Beacon Masthead

The Beacon as it Was and Is

Twenty years ago the James Bay Newspaper Society emerged from a remarkable history of local community newspapers. One of its first steps was to find a new name. They selected The James Bay Beacon. It is interesting to compare some of those first issues with today's.

There are some obvious differences. The masthead has changed somewhat. The number of pages has increased from a normal 12 to the usual 20 now. Advertising costs have tripled. Dramatically different layout and printing methods have occurred, from cut-and- paste to fully computerized systems. Gone are the days when volunteers laboured into the wee hours to produce the templates which had to be transported to a photo shop, then to the printer. Now a one-finger jab sends everything to the printer. Although early on it had to resort to requests for donations to keep it solvent, The Beacon has now been operating in the black. Circulation has increased from 6500 to 7500, reflecting population growth.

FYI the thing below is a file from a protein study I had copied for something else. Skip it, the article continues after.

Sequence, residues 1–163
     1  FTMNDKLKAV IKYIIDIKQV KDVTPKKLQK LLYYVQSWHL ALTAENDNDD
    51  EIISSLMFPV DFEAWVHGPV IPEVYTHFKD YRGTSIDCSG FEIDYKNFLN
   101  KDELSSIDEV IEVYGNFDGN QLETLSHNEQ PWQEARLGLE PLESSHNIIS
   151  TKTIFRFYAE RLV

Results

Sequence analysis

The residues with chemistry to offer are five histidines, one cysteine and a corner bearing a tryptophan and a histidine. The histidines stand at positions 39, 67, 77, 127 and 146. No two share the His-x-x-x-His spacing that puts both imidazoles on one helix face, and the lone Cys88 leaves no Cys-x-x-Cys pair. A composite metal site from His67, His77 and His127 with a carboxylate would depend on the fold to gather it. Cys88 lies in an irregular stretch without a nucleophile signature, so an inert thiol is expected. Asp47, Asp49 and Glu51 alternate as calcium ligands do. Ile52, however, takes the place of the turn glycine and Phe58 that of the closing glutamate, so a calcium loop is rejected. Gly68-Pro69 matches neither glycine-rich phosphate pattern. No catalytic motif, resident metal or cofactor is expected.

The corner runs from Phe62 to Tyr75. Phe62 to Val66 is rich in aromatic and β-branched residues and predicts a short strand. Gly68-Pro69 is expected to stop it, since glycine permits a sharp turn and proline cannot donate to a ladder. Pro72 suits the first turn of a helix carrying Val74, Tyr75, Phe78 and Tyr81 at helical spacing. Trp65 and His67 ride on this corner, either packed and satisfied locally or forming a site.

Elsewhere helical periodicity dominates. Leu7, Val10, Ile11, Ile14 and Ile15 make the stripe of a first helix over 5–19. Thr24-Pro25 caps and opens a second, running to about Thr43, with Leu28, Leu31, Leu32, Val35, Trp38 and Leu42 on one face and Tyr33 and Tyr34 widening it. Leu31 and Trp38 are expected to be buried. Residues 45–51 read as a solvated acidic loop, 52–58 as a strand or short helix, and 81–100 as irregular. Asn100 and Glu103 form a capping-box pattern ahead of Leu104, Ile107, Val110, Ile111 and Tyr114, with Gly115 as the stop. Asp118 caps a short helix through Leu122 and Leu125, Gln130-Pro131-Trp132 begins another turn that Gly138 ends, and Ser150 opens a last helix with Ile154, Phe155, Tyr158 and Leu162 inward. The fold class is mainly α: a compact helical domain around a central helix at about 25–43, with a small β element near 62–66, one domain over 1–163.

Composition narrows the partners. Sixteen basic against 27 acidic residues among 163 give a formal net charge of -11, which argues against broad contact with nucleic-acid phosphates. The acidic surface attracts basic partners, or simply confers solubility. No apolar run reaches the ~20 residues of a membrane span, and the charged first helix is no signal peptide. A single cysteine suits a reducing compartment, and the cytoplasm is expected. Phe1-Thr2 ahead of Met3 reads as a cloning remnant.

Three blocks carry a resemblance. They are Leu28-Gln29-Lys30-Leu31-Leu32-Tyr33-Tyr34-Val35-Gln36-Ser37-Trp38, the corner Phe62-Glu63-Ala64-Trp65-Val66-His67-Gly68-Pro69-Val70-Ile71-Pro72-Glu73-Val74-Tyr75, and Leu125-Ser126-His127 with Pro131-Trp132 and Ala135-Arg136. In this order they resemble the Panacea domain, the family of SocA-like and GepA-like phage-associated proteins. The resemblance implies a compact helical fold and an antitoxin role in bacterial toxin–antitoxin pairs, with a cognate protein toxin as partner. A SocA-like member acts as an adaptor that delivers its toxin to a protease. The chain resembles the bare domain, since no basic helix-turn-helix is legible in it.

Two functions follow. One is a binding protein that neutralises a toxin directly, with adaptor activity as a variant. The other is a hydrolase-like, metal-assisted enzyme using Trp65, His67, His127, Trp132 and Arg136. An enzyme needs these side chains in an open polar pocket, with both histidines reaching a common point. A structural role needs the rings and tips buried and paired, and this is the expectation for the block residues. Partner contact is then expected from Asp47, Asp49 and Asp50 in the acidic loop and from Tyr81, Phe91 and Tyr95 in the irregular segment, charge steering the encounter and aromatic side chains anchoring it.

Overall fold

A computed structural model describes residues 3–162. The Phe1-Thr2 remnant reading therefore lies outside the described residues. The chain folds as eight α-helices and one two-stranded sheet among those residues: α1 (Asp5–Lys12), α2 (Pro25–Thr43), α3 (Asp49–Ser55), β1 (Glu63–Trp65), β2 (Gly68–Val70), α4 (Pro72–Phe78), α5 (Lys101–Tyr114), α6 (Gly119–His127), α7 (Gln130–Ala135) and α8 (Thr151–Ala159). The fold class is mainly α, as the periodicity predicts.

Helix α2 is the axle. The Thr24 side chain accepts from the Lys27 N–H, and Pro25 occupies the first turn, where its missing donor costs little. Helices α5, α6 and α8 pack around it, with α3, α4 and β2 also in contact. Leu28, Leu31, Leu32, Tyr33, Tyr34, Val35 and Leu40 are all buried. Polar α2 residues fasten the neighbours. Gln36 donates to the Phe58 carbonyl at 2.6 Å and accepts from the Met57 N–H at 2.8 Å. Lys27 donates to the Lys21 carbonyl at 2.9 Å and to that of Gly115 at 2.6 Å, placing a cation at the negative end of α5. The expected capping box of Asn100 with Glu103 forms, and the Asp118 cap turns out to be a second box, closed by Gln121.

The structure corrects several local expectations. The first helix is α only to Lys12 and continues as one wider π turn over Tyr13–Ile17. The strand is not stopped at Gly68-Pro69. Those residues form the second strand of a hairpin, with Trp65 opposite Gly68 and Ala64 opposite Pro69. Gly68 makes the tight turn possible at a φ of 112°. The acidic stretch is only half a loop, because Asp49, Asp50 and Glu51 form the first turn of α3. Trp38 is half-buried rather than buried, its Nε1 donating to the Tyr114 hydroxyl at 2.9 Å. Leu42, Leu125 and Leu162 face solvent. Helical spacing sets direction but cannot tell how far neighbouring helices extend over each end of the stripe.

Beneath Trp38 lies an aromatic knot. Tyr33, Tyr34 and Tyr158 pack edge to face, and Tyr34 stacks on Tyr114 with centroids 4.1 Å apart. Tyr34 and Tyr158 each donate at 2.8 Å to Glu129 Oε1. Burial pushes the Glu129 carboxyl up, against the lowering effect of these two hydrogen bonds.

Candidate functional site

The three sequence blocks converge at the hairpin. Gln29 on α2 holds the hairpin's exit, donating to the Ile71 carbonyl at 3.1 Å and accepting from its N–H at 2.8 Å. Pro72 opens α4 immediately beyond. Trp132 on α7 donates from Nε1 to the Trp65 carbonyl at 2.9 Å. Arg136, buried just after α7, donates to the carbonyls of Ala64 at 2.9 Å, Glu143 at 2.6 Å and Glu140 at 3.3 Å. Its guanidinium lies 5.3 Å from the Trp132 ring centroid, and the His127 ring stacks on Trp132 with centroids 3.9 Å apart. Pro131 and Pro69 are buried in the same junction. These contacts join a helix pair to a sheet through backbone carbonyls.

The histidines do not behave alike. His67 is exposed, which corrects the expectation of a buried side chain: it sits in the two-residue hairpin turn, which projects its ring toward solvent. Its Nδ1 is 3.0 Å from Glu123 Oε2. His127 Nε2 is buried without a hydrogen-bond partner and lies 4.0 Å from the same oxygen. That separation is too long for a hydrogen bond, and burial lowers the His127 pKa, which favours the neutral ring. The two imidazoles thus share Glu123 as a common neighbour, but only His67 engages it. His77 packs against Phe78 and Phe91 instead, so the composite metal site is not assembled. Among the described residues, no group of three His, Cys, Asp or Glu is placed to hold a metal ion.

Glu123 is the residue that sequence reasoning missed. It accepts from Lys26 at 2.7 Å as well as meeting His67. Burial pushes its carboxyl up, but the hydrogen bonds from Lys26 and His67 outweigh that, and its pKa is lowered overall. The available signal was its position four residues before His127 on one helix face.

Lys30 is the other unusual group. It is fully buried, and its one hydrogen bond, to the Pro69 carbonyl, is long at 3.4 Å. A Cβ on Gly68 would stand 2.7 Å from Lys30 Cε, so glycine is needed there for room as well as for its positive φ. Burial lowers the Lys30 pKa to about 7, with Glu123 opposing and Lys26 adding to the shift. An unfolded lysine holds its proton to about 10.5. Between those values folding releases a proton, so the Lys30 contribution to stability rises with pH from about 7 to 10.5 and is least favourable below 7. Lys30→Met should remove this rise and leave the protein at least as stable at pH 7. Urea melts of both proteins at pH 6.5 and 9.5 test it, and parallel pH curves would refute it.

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In this issue...

A Friendship Cube

And They Shall Bloom No More

Birth of the Beacon

MLA Report: Risk Without Reward

MP Report: We Can Afford to Raise the GIS and Lift All Seniors Out of Poverty

Canadian Political System: Does Anyone Care?

Catherine Smart: A James Bay Inspiration

Titanic: The British Columbia Story

From One Dog Owner to Another

James Bay Community School: Want to Share Some Ideas? Go to TED

JBNH: How the Business Community is Supporting Our Members

JBCP: Volunteers Helping Seniors

JBNA: Winds of James Bay

Yet Another Walk on the Beach

War Horse by Steven Spielberg

Story of the James Bay Project

Tax Time, Again

'Tis the (Allergy) Season


Tortoiseshell or "Tortoise Hell"

A Little Garden


Stormy Night and Morning After

Letters to the Editor

In Answer to Letter "Overboard on Dogs" Feb 2012

Naked Percentages Not Sexy

Dog Haters Allowed to Voice Their Opinion

Recipes by Conni Atwell

Chicken, Chicken, and More Chicken

This Month's Mystery House

February’s Mystery House is located at 217 Ontario Street